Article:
Neil’s Story

On Sunday 12th May 2019, Neil and his good friend, Robin, ventured out at 7am to take part in the annual Isle of Wight charity walk; Walk the Wight. Nearing the end of their walk, with no prior warning, Neil collapsed to the ground. Given their location, and severity of the incident, Neil required the specialist skills of the Air Ambulance Critical Care Team. Below he tells his story.

“Ever since I was a boy growing up in north Dorset, I’ve enjoyed the outdoor life and walking has been a particular pleasure, so when my good friend, Robin, suggested we “Walk the Wight” I had absolutely no hesitation in agreeing.

“I considered myself to be a fairly fit 65-year-old with no obvious health issues. I walk my much loved rescue greyhound about four miles every day and add another three miles or more on the golf course twice a week. So although the walk was somewhat longer than I had done for a while, I didn’t feel the need for any extra-ordinary preparation.

“The day of the walk arrived, it was bright and sunny, not too hot with a light breeze – ideal conditions. As we got to Brook Down, roughly 18 miles from the start line, we could see our pathway snaking up over Tennyson Down towards The Needles and I remarked to Robin, ‘Well there it is, the home stretch, but let’s not get ahead of ourselves just yet’. That was the last I remember of the walk. Shortly afterwards, without any prior indication or warning I collapsed. I had suffered a heart attack leading to cardiac arrest.

“A small group of players from the Isle of Wight Rugby Club, who were also doing the walk, saw me collapse and rushed to my aid. At the same time a nearby midwife rushed over. Between them, the rugby players, co-ordinated by the midwife, commenced CPR and managed to re-start my heart. They had all just completed a course in CPR but were certainly not expecting to put their newly acquired life-saving skills to the test quite so soon.

“One of the team from Medi 4 Ambulance Service quickly arrived, having negotiated his way along a rutted and pot-holed track. The CPR administered by the team of rugby players had kept me alive, but my heart was weak and unable to function by itself. Medi 4 Ambulance Service immediately called for Hampshire and Isle of Wight Air Ambulance, but my heart failed again, prompting them to use the defibrillator. That, and on-going CPR, kept me alive until the Air Ambulance arrived. The uneven terrain and slope of the ground meant that the Air Ambulance had to land on the top of the slope and the crew had to make their way down to me. With the help of the rugby players, the crew from the Air Ambulance Critical Care Team put me on a stretcher and carried me up the slope to the Air Ambulance. Some 10 to 15 minutes later I was being rushed into the Cardiac Intensive Care Unit at University Hospital Southampton.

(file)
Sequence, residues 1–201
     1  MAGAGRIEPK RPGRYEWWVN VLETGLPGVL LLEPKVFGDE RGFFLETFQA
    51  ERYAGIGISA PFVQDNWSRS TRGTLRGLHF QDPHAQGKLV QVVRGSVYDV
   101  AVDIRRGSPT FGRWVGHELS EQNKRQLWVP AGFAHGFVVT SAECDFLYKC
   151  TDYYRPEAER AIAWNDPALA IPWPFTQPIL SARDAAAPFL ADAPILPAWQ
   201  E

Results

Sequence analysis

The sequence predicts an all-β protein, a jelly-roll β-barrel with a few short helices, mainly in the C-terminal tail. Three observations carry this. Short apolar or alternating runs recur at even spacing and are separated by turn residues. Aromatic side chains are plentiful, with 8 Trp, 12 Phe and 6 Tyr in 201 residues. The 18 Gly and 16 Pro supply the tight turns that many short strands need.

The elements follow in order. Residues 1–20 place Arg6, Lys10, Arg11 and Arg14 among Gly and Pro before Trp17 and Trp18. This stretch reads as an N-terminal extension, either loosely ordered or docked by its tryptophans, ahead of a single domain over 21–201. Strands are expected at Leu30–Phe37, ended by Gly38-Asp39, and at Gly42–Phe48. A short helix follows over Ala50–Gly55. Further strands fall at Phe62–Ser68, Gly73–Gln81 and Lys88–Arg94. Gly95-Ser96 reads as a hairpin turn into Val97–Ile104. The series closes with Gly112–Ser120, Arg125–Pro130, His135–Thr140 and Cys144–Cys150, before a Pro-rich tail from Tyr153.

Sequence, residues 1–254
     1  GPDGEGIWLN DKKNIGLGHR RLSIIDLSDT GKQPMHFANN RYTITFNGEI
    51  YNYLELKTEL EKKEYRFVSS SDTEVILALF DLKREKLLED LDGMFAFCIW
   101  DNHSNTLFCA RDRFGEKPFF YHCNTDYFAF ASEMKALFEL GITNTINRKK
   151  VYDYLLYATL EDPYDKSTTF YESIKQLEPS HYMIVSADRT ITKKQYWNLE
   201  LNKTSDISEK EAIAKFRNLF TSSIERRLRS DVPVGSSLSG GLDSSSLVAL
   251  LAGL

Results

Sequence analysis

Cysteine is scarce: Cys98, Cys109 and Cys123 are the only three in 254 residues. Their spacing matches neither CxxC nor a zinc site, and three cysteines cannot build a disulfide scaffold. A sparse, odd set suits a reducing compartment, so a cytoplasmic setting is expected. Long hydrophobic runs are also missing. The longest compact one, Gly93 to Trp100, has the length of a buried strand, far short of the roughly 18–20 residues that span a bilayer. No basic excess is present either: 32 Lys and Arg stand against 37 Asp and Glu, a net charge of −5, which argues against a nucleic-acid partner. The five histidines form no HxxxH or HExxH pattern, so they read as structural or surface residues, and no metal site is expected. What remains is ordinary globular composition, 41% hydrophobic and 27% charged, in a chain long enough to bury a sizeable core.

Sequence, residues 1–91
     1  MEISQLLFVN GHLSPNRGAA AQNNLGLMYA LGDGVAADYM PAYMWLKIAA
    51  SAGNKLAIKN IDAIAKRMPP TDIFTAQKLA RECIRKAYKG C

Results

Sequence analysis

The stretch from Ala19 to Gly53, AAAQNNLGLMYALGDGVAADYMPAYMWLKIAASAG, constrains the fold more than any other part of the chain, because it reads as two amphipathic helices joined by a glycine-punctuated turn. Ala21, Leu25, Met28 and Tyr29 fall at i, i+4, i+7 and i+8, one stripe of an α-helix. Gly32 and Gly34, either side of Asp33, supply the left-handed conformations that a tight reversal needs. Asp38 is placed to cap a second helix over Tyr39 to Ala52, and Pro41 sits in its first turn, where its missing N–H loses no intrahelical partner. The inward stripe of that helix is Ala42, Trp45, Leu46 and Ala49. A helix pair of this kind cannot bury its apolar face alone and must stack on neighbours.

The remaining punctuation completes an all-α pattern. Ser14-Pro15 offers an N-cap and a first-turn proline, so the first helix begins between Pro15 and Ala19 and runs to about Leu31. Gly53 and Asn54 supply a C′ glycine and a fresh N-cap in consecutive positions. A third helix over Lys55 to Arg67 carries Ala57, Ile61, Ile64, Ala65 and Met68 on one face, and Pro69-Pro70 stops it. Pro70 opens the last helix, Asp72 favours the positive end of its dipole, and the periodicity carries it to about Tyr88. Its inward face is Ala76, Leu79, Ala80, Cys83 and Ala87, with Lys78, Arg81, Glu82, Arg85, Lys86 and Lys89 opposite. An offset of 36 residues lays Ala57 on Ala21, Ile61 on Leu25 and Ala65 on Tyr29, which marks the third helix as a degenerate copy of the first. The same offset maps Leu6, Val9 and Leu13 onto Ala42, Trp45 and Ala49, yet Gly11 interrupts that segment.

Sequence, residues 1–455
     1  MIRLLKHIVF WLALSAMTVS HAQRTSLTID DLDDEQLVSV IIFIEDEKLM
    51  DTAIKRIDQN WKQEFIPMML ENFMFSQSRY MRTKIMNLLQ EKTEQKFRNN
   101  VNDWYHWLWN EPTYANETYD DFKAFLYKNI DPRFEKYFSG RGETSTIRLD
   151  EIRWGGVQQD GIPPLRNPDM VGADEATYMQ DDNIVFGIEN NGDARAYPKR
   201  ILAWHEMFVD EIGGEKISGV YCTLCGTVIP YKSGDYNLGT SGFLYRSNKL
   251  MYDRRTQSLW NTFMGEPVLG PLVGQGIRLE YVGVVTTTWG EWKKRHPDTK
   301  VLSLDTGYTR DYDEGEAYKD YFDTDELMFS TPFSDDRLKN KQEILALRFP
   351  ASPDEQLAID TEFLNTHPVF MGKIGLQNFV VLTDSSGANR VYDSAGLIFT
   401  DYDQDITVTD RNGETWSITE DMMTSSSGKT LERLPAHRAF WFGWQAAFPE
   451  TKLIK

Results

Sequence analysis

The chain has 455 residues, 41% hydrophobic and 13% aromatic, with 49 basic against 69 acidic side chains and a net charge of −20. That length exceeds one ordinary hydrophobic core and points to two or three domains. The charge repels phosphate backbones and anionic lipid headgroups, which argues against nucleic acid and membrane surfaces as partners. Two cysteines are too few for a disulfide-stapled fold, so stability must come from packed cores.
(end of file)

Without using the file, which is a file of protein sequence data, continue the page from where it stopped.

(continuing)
“I’m told it was roughly two hours in total from the time I collapsed until I was in hospital, but to this day I have absolutely no recollection of the events.”

Neil was placed into an induced coma for roughly 24 hours and, in the days that followed, underwent a quadruple coronary artery bypass. Four days after surgery, he was well enough to be discharged home.

“After about 12 weeks further convalescence, I’m delighted to say I was ‘as good as new’ living and leading an active life just as I did before.

“What is absolutely clear to me is, given that I had collapsed on a remote hillside, without the immediate attention I received from fellow walkers, and the quick response of the Air Ambulance and its crew, I would almost certainly not be here today.”

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